Tax-Free Money for Big Medical Expenses

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Tax-Free Money for Big Medical Expenses

Some people may be able to combine 2009 flexible-spending account money with 2010 money to cover expensive procedures.

My employer gives me until March 15 to use the money in my flexible spending account from the past year. What are some ways that I can use the money from 2009 before I lose it?

You can use money in your FSA for almost any medical expense that insurance doesn’t cover, such as co-payments, deductibles, and out-of-pocket costs for dental care, vision care and medicines (whether prescription or over-the-counter). People tend to go on last-minute spending sprees to clear out their accounts before the deadline. That typically includes stocking up on contact lenses, glasses or prescription sunglasses; getting teeth cleaned; filling prescriptions; or buying big bottles of pain relievers and over-the-counter cold and allergy medications.

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But if you think big, you may have an opportunity to tap an extra-large pot of money before the deadline. That’s because you can use the full amount you earmarked for your FSA for 2010 starting on January 1, even though you haven’t actually contributed that much money to your account yet.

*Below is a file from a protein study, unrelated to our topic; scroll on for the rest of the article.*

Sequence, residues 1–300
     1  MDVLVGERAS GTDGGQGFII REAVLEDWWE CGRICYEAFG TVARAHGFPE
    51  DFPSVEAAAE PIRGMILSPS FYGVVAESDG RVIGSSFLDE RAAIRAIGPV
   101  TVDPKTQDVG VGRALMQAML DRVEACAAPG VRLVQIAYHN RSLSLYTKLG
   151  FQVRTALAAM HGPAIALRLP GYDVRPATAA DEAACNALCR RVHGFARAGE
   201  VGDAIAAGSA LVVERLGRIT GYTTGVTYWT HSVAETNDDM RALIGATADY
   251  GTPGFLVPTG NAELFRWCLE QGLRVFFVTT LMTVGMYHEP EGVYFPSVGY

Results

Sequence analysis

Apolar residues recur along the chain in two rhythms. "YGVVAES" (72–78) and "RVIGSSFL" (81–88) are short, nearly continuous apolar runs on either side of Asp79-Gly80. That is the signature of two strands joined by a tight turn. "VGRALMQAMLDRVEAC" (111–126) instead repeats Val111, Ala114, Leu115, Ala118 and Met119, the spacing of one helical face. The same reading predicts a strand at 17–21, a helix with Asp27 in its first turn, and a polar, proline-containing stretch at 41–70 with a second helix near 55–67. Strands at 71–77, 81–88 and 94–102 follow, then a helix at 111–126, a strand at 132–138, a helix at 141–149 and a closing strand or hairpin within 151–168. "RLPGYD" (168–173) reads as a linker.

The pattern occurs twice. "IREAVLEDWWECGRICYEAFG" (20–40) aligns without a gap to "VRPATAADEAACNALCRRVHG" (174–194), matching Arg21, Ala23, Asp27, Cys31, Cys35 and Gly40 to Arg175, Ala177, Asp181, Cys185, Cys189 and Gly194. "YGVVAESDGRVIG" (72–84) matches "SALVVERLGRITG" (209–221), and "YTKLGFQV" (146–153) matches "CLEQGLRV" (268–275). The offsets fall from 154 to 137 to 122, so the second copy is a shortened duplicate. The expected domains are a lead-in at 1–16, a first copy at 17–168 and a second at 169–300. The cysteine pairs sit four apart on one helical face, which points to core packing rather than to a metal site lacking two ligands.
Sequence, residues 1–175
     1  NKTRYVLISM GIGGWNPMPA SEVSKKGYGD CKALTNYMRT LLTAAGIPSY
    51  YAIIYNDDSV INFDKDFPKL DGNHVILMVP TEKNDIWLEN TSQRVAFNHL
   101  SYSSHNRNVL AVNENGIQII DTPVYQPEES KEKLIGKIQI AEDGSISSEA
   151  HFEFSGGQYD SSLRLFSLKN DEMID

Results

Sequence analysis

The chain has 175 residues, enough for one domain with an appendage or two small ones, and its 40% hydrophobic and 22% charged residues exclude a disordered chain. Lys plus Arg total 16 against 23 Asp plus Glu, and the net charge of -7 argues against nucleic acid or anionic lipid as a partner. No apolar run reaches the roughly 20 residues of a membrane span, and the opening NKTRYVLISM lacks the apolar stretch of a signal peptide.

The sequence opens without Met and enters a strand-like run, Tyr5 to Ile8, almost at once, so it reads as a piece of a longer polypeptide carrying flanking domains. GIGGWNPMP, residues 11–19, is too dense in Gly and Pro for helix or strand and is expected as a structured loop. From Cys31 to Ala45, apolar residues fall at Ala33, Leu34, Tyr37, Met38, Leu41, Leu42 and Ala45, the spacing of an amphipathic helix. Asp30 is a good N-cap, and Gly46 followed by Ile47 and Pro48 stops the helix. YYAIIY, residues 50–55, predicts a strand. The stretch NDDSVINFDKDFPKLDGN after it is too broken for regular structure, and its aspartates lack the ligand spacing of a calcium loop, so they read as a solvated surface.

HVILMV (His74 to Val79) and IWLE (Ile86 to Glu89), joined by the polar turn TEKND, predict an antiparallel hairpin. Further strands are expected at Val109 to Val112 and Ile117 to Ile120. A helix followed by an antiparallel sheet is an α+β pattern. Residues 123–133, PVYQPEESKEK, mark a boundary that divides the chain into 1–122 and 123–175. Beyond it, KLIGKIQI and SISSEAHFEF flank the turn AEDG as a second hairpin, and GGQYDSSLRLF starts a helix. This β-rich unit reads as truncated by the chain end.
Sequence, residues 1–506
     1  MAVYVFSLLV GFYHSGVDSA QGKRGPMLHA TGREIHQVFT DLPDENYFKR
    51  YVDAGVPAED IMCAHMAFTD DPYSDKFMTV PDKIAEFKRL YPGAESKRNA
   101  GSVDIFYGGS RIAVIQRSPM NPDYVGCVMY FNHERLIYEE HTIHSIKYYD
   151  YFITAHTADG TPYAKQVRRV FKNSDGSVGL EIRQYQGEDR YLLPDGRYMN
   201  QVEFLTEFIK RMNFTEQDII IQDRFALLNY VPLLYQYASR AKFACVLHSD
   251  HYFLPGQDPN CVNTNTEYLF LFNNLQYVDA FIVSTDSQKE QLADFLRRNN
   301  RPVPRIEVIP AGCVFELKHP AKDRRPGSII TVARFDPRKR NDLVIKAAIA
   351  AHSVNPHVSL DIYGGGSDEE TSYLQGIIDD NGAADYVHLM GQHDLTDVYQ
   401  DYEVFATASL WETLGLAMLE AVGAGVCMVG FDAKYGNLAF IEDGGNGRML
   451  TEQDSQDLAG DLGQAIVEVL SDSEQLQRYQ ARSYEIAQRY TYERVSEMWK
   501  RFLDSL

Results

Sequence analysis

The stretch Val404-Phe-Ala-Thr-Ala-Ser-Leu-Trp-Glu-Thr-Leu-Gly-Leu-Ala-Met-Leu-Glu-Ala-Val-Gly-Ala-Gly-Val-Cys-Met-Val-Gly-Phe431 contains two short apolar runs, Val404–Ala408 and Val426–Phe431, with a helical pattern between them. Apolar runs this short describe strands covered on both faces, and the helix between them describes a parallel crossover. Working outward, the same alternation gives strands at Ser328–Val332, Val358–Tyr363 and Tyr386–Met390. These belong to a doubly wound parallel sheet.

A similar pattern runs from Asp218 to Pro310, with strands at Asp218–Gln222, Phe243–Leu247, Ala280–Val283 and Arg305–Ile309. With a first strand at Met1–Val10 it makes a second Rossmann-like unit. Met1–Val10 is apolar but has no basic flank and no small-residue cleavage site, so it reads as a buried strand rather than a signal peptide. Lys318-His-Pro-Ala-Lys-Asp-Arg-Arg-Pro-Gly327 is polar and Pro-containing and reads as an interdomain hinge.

Say, for example, you plan to contribute $3,000 to your FSA in 2010, and you still have $1,000 left over from 2009. That gives you $4,000 tax-free to spend now on a big-ticket item such as laser eye surgery or dental work -- even though you may have contributed only a few hundred dollars so far this year.


In most cases you can use the money for your dependents’ medical expenses as well as your own, even if they aren’t covered under your health-insurance policy. You can’t spend the 2009 money after March 15, but most employers will give you a few extra weeks after the deadline to submit the expenses for reimbursement.

See 7 Smart Uses for Your Flex-Account Money to learn more about eligible expenses -- including some you might not expect, such as smoking-cessation programs and doctor-prescribed weight-loss programs.

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